Cash-on-Cash Return (COCR) is a metric that tells you how your invested capital is working for you. It is calculated by dividing your net annual rental income by the amount of money you have invested into the property.

You must use your net annual income, which is after all expenses have been paid, when calculating COCR. If your net income is $200 per month and you’ve invested $20,000 into the property, your COCR is 12%.

Cash-on-Cash Return allows you to compare a rental property to other investment options. If you can get a better return somewhere else, then it is best not to pull the trigger on the deal.

One thing that COCR does not consider is the appreciation of a rental property’s value. However, this is never guaranteed, and its value could even go down in a poor real estate market.

Importance of Maintaining a Reserve Account

One mistake that most rookie landlords make is neglecting to set aside money for maintenance and vacancies. Maintaining a reserve account will prepare you for when these expenses show up unexpectedly.

When it comes to maintenance issues, any landlord that has owned rental properties for a significant period of time will tell you that it’s not a matter of if, but when. Water heaters bust, HVAC units go out, and shingles get blown off, and it will be your responsibility to get them repaired.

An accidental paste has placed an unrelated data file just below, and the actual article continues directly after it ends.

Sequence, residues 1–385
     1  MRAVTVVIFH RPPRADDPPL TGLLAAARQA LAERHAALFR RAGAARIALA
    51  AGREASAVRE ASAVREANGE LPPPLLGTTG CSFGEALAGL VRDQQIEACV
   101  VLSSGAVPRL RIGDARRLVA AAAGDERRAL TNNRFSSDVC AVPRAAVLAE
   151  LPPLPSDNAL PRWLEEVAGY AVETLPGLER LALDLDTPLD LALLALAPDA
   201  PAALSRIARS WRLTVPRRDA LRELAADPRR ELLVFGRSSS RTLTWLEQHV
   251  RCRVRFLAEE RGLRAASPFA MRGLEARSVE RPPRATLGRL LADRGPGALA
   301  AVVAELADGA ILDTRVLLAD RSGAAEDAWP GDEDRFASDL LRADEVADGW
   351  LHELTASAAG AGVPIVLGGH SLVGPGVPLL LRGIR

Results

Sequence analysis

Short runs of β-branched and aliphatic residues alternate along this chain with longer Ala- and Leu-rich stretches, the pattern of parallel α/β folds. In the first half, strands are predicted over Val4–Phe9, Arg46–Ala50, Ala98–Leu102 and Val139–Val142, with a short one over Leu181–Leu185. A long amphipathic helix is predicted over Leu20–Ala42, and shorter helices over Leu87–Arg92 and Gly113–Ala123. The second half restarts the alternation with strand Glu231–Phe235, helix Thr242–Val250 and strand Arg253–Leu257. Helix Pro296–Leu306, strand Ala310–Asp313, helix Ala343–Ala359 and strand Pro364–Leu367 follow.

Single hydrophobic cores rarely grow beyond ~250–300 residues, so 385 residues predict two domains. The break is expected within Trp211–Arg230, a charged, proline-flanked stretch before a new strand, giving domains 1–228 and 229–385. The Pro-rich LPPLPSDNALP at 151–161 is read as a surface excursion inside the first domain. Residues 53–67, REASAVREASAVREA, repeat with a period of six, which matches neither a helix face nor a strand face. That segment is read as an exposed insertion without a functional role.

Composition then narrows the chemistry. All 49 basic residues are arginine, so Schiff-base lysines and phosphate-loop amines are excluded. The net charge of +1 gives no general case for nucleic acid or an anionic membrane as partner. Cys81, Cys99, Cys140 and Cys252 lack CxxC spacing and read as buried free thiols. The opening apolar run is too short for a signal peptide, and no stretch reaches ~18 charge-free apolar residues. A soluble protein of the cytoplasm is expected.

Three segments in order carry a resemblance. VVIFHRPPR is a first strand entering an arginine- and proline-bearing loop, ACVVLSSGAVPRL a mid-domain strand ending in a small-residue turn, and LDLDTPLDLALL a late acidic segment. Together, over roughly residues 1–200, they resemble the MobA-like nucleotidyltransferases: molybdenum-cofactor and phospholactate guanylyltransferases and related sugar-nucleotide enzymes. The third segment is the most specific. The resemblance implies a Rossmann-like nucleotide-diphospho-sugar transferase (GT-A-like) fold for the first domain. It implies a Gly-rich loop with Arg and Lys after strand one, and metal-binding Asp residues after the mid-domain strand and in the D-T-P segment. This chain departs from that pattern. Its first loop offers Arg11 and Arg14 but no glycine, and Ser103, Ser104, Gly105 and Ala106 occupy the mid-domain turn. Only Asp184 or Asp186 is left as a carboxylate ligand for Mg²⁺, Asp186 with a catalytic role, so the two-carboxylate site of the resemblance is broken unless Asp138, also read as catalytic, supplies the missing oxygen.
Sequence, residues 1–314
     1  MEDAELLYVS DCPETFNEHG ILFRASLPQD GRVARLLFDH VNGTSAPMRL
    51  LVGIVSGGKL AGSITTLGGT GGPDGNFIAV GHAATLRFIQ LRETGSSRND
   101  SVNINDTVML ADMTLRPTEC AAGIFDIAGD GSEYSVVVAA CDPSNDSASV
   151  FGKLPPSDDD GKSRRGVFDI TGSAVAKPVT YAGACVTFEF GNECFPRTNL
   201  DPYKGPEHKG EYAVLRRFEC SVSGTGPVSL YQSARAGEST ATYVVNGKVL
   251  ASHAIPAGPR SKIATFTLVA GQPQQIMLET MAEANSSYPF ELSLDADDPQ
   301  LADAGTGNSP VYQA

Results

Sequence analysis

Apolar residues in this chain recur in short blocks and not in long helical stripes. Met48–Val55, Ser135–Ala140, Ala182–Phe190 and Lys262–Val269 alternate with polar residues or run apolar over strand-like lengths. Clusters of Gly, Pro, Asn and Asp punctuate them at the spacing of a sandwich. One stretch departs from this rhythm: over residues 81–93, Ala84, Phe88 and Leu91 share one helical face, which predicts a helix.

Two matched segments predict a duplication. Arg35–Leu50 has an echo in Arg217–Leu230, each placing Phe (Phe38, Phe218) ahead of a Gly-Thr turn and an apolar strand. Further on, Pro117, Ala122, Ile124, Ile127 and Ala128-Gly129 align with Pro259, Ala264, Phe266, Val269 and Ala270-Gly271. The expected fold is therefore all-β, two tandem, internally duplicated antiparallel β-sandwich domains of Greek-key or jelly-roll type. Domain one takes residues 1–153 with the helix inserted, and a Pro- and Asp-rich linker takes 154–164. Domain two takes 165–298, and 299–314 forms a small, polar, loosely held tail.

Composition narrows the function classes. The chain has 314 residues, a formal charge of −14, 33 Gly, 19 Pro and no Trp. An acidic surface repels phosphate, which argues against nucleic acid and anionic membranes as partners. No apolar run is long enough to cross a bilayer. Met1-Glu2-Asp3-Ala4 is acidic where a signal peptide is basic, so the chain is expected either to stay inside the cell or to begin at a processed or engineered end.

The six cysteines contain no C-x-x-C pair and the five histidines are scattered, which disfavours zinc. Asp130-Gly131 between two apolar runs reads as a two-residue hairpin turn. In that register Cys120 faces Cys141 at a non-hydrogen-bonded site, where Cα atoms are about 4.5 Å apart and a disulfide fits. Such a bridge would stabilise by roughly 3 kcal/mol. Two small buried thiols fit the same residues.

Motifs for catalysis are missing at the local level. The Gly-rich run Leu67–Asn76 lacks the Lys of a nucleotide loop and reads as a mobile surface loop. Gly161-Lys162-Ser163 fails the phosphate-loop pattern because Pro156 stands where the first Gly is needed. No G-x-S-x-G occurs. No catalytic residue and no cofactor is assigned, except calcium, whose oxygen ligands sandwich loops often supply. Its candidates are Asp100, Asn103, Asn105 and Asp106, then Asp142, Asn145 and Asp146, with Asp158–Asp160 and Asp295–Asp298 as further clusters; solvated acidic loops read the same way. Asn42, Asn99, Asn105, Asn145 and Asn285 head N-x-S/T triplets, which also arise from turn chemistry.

These expenses can be a gut punch to your bank account if you don’t have money set aside. However, if you have a properly funded reserve account, you can pay for them and keep moving along as if nothing happened.

A good rule of thumb is to subtract 10% out of every rent check and set it aside for maintenance and vacancy expenses. This percentage can be adjusted based on the age and condition of major systems of the house, but it is a good starting point.

What Is Your Total Net Operating Income?

Just take your rent price, subtract off your mortgage payment, and that’s your net income, right?

Not quite.

Several more expenses must be accounted for when managing a rental property. Your total net operating income (TNOI) is calculated by taking your rental income and subtracting off every expense.

We have already discussed the importance of setting money aside for maintenance and repairs. This portion will come out of your TNOI. The good thing about putting this money aside is that your cash flow will remain the same when you must pay for repairs.